One of the fastest-growing metropolitan areas in the United States, Charlotte, North Carolina, is home to a booming economy and a high-flying real estate market. Charlotte is North Carolina's largest city, with an estimated population of roughly 810,000 people as of 2014, up sharply from 731,000 people on the last U.S. census in 2010. The city has a median household income of about $53,300, and an owner-occupied housing rate of 55.4%. With a strong economic base anchored by corporate companies including Bank of America Corporation (NYSE: BAC), Wells Fargo & Company (NYSE: WFC), Lowe's Companies Inc. (NYSE: LOW) and Duke Energy Corporation (NYSE: DUK), the Charlotte metropolitan area has become an attractive destination for professionals, entrepreneurs and young families from across the region and beyond.

Market Insights

As in most big cities in the United States, the Charlotte real estate market experienced a downturn in 2008 as the effects of a national financial crisis played out. However, the downturn was both shallow and short-lived compared to many other cities across the country. From an all-time high of just more than $170,000 first set in summer 2007, the median price for residential property in Charlotte plummeted by about $20,000 during the fall of 2008. The market stabilized at $150,000 and began a long upward trend that continues in 2016.

Both prices and sales volumes in Charlotte show consistent seasonal fluctuations, with highs between July and September and lows around the month of January. Since the market turned upward in 2009, each successive summer has set a new median price high. In summer 2010, the market returned to prerecession highs around $170,000. In summer 2012, the market broke through the $190,000 mark for the first time, and then continued higher, briefly hitting $208,000 in 2013. Growth moderated somewhat in the following years. As of April 2016, the median price for residential property in Charlotte stood at $215,000, which is 26% above its prerecession highs.

Property and Transfer Taxes

Property tax in North Carolina funds county and municipal governments, schools and a wide variety of public services provided at the local level, including police and fire protection, libraries, parks and road maintenance. The overall property tax burden for Charlotte property owners for the 2015-2016 tax year ranged between $1.31 and $1.36 per $100 of assessed property value, depending on the location of the property. Roughly $0.82 per $100 of assessed property value goes to Mecklenburg County, while the remainder goes to the city of Charlotte and other special taxing districts within the city. Residential property in North Carolina is assessed at fair market value on the first day of January during periodic revaluation years. State law requires counties to revalue property at least once every eight years. The most recent revaluation in Mecklenburg County occurred in 2011.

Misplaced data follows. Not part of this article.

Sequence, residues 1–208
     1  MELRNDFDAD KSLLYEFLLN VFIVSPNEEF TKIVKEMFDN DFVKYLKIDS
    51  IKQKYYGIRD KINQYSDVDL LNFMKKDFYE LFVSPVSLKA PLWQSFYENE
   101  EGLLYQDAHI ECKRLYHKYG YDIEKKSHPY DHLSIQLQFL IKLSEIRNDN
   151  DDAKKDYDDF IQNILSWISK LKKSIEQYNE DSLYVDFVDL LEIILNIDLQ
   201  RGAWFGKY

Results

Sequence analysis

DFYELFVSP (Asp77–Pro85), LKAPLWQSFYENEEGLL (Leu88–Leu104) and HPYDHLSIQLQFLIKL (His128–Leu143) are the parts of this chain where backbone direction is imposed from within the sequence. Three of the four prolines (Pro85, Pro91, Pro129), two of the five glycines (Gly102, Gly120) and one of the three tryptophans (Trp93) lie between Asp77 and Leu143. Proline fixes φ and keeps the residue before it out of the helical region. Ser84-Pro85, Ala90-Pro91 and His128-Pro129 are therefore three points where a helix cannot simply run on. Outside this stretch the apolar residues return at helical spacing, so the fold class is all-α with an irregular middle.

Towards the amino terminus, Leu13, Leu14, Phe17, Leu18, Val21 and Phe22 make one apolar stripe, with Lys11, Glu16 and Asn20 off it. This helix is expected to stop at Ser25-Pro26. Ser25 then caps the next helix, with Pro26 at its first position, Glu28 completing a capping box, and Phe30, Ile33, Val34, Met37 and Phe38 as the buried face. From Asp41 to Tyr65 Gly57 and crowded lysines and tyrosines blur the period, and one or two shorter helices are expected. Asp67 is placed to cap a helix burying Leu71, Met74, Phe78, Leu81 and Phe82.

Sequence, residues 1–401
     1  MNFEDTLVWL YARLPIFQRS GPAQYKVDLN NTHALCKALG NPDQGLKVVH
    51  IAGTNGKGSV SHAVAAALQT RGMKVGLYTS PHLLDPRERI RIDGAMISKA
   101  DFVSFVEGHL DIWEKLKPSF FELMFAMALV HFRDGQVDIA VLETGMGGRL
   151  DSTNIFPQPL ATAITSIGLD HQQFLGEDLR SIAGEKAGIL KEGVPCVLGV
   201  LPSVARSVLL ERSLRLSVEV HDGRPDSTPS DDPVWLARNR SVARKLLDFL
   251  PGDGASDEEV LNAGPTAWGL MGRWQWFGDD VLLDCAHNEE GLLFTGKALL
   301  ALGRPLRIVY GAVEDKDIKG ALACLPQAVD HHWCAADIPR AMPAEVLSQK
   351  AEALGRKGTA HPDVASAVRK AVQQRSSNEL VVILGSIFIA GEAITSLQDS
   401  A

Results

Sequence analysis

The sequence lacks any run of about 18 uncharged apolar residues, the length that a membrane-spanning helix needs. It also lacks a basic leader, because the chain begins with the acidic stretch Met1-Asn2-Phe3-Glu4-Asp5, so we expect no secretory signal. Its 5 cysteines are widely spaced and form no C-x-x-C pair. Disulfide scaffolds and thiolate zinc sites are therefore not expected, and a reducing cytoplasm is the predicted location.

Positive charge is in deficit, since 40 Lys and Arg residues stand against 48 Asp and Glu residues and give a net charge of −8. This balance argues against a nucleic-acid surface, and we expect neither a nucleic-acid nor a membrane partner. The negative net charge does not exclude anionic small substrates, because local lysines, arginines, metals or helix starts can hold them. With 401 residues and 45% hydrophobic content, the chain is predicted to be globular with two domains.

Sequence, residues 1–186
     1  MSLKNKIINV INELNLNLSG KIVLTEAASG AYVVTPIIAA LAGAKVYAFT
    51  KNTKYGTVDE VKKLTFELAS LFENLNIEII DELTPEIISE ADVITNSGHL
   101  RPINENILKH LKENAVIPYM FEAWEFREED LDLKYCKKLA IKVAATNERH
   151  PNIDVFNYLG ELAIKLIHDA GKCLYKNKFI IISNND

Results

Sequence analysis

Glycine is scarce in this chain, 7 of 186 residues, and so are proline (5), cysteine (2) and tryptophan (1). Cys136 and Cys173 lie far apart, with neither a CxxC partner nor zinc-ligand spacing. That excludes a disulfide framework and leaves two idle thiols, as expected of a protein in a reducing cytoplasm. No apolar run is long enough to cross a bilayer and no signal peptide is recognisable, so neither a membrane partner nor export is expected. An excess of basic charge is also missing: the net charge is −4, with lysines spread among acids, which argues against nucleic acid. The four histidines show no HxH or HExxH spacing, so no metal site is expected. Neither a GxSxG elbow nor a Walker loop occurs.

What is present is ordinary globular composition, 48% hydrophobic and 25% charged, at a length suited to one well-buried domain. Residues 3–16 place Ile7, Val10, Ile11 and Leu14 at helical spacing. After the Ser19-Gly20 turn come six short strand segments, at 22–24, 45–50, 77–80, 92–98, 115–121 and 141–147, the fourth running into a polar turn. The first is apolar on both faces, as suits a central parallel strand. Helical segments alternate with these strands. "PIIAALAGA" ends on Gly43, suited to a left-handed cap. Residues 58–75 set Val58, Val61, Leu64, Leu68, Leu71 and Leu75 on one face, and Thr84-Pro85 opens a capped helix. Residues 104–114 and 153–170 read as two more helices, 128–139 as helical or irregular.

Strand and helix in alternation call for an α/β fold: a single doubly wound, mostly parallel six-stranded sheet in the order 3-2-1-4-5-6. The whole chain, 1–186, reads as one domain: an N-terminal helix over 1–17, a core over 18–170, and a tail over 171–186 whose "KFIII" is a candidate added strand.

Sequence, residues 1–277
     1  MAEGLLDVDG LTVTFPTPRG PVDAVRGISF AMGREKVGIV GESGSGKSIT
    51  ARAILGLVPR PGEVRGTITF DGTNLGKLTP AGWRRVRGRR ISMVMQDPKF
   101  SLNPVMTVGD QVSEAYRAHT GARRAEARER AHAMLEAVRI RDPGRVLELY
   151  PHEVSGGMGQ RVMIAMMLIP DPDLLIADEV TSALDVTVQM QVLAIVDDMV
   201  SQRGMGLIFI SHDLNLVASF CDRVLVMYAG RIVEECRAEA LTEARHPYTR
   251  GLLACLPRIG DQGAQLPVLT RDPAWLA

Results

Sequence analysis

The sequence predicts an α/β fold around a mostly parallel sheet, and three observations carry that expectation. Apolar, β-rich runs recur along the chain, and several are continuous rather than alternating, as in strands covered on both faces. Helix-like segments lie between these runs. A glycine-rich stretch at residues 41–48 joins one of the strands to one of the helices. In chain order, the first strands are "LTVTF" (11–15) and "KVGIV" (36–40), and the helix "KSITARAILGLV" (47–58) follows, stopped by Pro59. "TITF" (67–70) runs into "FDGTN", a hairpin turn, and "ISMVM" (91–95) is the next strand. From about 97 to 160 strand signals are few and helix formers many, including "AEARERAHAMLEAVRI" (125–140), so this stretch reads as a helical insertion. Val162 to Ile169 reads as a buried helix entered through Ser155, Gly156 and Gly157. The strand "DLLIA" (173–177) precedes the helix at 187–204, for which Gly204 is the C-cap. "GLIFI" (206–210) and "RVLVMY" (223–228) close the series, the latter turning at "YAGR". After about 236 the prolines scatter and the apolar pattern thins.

The real estate transfer tax in Mecklenburg County is $1 on each $500 of property value, a rate of 0.2%. The charge is known locally as an excise stamp tax.

Most Expensive Neighborhoods

The most expensive neighborhoods in Charlotte are clustered in the southern half of the city. Eastover and nearby neighborhoods in the 28207 ZIP code south of downtown Charlotte produced the highest median sale price for residential property in the city at $551,000 as of March 2016. Immediately to the southeast, Myers Park, Cotswold and other neighborhoods in the 28211 ZIP code produced an overall median price of $413,000, continuing a long-running upward price trend. Further to the southeast, Sardis Forest, Oxford Hunt and nearby areas in the 28270 ZIP code managed a combined median sales price of $287,000.

Top Real Estate Websites

The Mecklenburg Times, a regional newspaper covering Charlotte and nearby counties, specializes in coverage of the local residential and commercial real estate markets, offering regular news and analysis of developments and trends in the area. The newspaper is available online at MeckTimes.com. The Charlotte Observer newspaper maintains an online real estate portal offering local property listings and neighborhood-focused content for prospective homebuyers. Its website is at CharlotteObserver.com. Although targeted mostly at professional real estate agents, the Charlotte Regional Realtor Association website, available at CarolinaHome.com, is a good source for free monthly market reports and other information covering the region around Charlotte. The website also offers a realtor search tool and local property listings.

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